CACI 3903L Damage to Personal Property Having Special Value (Civ. Code, § 3355) (Economic Damage)
California Civil Jury Instructions CACI
3903L Damage to Personal Property Having Special Value (Civ. Code, § 3355) (Economic Damage)
[Insert number, e.g., “12.”] The unique value of [name of plaintiff]’s [item of personal property].
To recover damages for the unique value, [name of plaintiff] must prove all of the following:
1.That the [item of personal property] had some market value;
2.That the [item of personal property] had unique value to [name of plaintiff]; and
3.[That [name of defendant] had notice of this unique value before the harm;]
[That [name of defendant]’s conduct was intentional and wrongful.]
No fixed standard exists for deciding the amount of this value. You must use your judgment to decide a reasonable amount based on the evidence and your common sense.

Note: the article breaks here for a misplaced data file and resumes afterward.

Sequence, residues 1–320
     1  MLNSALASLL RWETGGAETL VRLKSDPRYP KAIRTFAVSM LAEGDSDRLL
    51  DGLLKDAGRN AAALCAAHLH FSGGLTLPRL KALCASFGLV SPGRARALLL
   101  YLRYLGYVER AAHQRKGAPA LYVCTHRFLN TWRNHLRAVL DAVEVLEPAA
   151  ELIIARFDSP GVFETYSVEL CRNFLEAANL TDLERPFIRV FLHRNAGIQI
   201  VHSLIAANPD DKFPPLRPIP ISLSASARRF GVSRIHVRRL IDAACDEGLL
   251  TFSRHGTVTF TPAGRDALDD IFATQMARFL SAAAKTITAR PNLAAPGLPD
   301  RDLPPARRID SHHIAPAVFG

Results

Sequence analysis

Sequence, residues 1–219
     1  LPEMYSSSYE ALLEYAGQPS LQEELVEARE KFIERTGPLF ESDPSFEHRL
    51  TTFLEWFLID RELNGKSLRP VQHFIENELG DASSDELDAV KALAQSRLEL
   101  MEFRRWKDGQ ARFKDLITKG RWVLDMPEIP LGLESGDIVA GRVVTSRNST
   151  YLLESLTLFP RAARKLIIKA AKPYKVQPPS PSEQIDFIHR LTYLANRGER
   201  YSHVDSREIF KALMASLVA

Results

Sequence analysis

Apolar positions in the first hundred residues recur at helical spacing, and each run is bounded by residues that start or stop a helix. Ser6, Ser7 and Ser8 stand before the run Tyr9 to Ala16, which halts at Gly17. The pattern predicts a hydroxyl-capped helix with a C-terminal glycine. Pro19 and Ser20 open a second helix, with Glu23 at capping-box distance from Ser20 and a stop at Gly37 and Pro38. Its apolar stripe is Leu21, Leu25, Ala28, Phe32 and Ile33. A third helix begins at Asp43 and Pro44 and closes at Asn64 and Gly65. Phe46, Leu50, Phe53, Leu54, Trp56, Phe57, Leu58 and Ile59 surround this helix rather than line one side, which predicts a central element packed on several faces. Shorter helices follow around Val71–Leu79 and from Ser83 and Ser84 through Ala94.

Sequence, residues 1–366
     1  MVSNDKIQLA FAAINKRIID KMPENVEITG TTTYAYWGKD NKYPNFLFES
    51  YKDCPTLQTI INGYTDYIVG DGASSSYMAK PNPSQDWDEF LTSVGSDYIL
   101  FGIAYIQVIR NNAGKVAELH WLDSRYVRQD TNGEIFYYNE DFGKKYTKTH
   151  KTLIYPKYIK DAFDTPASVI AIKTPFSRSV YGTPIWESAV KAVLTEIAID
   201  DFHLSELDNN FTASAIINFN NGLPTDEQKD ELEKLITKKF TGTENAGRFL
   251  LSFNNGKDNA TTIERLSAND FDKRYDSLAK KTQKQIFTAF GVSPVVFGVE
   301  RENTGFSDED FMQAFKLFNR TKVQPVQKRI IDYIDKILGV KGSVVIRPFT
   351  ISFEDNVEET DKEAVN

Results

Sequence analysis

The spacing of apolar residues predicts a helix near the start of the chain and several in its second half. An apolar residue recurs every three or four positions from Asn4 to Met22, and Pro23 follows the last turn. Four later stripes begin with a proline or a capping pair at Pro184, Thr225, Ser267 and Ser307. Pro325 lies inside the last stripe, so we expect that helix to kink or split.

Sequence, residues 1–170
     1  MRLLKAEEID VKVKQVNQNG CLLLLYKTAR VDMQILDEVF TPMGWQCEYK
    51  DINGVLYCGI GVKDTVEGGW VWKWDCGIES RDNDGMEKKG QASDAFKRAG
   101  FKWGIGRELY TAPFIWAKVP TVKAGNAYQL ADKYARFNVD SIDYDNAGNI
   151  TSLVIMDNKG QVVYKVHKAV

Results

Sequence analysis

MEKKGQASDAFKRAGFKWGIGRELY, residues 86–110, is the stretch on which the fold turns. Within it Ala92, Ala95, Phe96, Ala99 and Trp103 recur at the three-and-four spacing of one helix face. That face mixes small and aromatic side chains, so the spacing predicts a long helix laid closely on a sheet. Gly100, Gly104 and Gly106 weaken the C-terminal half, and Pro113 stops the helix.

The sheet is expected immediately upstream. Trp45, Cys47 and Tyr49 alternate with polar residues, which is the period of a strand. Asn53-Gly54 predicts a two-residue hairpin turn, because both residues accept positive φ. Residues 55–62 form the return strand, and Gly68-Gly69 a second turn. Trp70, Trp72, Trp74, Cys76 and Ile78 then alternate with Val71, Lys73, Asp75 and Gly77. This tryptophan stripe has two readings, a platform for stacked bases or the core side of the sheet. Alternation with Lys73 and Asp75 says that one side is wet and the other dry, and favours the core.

Directions for Use
The judge should determine whether the peculiar value claimed by the plaintiff is legally sufficient. While the subcommittee been unable to locate cases that state this rule explicitly, cases have upheld the giving of this type of instruction where there is substantial evidence of peculiar value.
Sources and Authority
•Damages for Loss of Property With Special Value. Civil Code section 3355.
•“[T]his section deals with property which has a market value and also a peculiar value to the owner, and not with property having no market value.” (Zvolanek v. Bodger Seeds, Ltd. (1935) 5 Cal.App.2d 106, 110 [42 P.2d 92].)
•“Peculiar value under Civil Code section 3355 refers to a property’s unique economic value, not its sentimental or emotional value.” (McMahon v. Craig (2009) 176 Cal.App.4th 1502, 1518 [97 Cal.Rptr.3d 555] [“peculiar value” refers to special characteristics that increase an animal’s monetary value, not its abstract value as a companion to its owner].)
•“[T]he question of whether plaintiff proved ‘peculiar value’ was a factual question for the determination of the jury and that question was properly submitted to it for decision.” (King v. Karpe (1959) 170 Cal.App.2d 344, 349 [338 P.2d 979].)